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Groups make last ditch effort to protect physician’s conscience rights

By Deborah Gyapong
Canadian Catholic News

02/11/2015

OTTAWA (CCN) — The Supreme Court of Canada’s Feb. 6 decision striking down laws against physician assisted suicide have added new urgency to groups fighting to protect physicians’ conscience rights.

“The decision of the Supreme Court of Canada today, to legalize physician assisted suicide, places in peril the religious and conscience rights of physicians who will be compelled under the Ontario Physicians’ directive to comply with requests for assisted suicide,” said REAL Women of Canada in a news release. “We are at a crisis point today and it is essential that we take action on this situation.”

On Feb. 8, the Catholic Civil Rights League, the Toronto Catholic Doctors’ Guild and the Canadian Bioethics Institute hosted a webinar posted on YouTube to inform Canadians about the debate.

There are only some of the pro-family and pro-life groups who warn a proposed policy of the College of Physicians and Surgeons of Ontario (CPSO) will seriously infringe on physicians’ conscience rights.

The CPSO has given a Feb. 20 deadline for input into the policy that would force physicians to refer patients for morally problematic procedures such as abortion and euthanasia should it become legal in Canada. The College of Physicians and Surgeons of Saskatchewan (CSSS) is also considering even more draconian changes to its policy, with a deadline of March 6 for public input.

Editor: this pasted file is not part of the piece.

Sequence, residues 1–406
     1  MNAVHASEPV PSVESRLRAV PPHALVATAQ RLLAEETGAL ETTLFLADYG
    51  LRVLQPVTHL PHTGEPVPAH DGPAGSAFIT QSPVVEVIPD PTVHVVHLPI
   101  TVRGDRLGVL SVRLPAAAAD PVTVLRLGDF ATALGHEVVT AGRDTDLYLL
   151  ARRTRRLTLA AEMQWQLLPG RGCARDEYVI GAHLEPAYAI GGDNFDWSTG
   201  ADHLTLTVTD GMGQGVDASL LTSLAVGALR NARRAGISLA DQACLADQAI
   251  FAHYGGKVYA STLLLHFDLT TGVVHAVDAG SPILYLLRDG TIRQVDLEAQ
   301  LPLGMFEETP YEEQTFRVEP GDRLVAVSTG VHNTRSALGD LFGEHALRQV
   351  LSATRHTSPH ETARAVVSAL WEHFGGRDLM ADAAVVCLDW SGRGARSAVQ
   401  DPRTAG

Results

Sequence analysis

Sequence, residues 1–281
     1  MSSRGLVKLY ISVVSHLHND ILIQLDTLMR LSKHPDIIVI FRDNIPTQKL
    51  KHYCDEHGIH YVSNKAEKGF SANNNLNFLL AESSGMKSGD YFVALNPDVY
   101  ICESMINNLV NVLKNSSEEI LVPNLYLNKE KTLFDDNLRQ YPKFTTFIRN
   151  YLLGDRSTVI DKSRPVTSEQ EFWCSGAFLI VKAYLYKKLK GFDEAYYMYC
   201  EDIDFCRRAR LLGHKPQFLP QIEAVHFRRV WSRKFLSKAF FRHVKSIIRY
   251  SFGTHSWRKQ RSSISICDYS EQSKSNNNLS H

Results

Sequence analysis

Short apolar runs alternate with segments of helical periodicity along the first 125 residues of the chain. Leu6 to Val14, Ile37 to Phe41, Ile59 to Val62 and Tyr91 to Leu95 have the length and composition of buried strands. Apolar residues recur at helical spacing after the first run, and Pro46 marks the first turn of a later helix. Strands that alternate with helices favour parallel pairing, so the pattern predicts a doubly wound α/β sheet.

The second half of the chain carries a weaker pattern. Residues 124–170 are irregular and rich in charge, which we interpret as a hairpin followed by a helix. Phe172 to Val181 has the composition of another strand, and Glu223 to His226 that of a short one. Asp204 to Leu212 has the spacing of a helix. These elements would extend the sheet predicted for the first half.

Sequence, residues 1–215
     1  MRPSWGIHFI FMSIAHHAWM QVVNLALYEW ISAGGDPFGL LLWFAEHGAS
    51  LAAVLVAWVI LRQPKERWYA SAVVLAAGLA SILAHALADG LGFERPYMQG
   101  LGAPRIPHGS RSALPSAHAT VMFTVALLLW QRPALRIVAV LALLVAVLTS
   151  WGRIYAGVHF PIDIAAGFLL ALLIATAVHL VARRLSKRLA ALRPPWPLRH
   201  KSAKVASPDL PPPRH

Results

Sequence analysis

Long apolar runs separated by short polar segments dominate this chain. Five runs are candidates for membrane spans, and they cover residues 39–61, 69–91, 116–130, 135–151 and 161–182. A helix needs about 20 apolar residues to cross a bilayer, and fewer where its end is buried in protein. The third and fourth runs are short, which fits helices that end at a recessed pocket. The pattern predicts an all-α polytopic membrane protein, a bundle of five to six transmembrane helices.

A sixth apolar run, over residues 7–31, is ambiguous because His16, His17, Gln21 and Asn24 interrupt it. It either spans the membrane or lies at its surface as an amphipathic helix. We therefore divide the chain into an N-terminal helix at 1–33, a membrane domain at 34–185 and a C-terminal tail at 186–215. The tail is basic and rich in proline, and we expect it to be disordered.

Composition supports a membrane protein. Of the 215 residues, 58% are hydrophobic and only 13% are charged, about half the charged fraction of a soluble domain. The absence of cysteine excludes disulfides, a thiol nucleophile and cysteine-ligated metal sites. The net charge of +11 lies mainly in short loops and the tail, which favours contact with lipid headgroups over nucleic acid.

The Christian Medical and Dental Society (CMDS) Canada has been working closely with the Canadian Federation of Catholic Physicians’ Societies (CFCPS) in rallying opposition to the proposed changes.

“The proposed policy demands that doctors refer for, and in some cases actually perform, procedures like birth control, abortion and even euthanasia,” said CMDS Canada executive director Larry Worthen. “Physicians would have to perform these procedures when the regulator (CPSO) considers them to be ‘urgent or otherwise necessary to prevent imminent harm, suffering, and/or deterioration.’ ”

“This wording suggests a very broad and subjective requirement that can be open to abuse,” he warned. “Doctors who cannot participate due to deeply held moral or religious commitments will be vulnerable to punishment from the regulator, even though their fundamental freedom of conscience and religion is guaranteed by the Canadian Charter of Rights and Freedoms.”

“This is a form of discrimination,” Worthen said.

The Catholic Organization for Life and Family (COLF) slammed CPSO’s proposed policy changes in a strongly worded statement issued Feb. 4.

COLF warned the policy change “would be devastating for Ontario doctors who seek to inform their consciences by their faith” and who may be forced to either leave the province or abandon the practice of medicine.

“These implications would also be disturbing for many patients who want to be treated by physicians who share their vision of the human person,” COLF said.